- 6000m Boots: Probably the most expensive item on the list. We recommend using La Sportiva G2 SM boots or the Scarpa equivalent. Note that we help our clients rent these boots in Kathmandu if they choose not to buy a pair of their own.
- Summit jacket: While you might get warm climbing up the steep sections en route to the summit, you will want a heavy down jacket.
- Gloves: Typically people have the most trouble choosing appropriate gloves. There are so many options out there! Choose a sturdy, full-fingered, well-insulated Gore-Tex model that still allows for some finger dexterity so you can change/operate your jumar and belay device. The balance you are looking to achieve involves warmth and dexterity; you want the maximum of both.
- Head Torch with Rechargeable Battery: This is an important item because you will likely start your climb in total darkness around 1 or 2 in the morning. Bring a backup battery in case you need it.
- -20 C Sleeping Bag: While you will only have one night in a tent for Island Peak, you will be using the sleeping bag nearly every night at the tea houses. A warm sleeping bag will ensure you get the rest you need to be successful on the expedition, so don’t skimp on sleeping bag warmth!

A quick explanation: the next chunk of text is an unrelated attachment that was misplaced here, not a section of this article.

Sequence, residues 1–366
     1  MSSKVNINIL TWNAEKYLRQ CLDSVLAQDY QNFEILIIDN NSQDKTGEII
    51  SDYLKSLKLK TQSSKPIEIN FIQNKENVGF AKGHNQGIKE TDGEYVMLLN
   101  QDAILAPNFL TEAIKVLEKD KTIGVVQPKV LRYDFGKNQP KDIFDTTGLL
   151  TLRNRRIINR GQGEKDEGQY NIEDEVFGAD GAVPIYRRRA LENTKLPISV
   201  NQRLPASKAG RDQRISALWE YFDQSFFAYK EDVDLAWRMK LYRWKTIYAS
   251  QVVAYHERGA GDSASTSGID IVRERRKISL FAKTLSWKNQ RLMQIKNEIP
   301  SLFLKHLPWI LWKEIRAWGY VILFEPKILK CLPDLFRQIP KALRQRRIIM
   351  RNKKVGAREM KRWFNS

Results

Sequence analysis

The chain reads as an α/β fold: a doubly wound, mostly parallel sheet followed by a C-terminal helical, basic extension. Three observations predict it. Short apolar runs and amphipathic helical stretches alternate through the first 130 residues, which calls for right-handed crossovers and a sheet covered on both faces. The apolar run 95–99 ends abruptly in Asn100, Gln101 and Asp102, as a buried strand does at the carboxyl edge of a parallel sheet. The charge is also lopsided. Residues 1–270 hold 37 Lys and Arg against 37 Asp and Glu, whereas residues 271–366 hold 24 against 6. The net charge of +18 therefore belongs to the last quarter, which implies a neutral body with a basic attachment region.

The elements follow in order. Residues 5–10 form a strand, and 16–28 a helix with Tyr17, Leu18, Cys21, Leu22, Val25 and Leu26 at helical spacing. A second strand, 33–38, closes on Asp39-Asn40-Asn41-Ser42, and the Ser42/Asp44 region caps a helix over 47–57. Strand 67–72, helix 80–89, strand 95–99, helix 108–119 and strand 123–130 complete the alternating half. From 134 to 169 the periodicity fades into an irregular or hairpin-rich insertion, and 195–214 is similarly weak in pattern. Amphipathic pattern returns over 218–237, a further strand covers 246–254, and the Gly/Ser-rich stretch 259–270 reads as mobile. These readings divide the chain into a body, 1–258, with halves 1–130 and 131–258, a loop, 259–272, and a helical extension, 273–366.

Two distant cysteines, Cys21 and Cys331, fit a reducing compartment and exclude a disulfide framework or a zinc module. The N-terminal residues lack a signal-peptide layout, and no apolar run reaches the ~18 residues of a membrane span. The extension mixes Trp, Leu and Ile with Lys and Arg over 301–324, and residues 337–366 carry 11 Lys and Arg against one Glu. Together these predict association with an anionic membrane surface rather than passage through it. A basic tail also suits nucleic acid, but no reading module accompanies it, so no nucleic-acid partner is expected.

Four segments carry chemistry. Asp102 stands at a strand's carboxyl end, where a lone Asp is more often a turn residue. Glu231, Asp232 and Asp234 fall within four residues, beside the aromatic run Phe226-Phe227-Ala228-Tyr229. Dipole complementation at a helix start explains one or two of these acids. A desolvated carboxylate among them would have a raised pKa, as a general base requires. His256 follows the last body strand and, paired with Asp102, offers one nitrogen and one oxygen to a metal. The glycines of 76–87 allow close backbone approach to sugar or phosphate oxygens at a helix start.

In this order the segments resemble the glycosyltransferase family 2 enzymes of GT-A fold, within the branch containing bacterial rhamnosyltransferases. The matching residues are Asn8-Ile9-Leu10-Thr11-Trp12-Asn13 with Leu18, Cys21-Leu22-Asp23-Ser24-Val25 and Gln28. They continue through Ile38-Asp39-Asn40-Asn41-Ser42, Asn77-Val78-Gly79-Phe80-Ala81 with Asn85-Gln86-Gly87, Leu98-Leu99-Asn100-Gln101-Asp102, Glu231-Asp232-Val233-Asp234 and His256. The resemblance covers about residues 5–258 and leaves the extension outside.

- Polarized Sunglasses: Glacier glasses or the equivalent are without a doubt one of the most important items you need to pack for this climb. Protect your eyes against the high-altitude ultra violet rays and snow reflection at all costs!
Island Peak Difficulty: The Truth
For some reason, Island Peak has the reputation for being an “easy” 6000-meter peak. Let me break it to you – no 6000-meter peak is easy, simply because the height makes it more challenging than a mountain in the 3000 meter range.
This myth about Island Peak is not helped by the fact that it is classified by the Nepali authorities as a “trekking peak”.
Let’s set the record straight; while not overly technical, basic climbing skills like rappelling and the use of a jumar are essential and used for a significant period of time during the climb. If you have never done either before – that is ok (though doing some training beforehand is recommended if it is possible for you) – our expert guides give a few training sessions before the climb so that you can approach the summit with the necessary skills.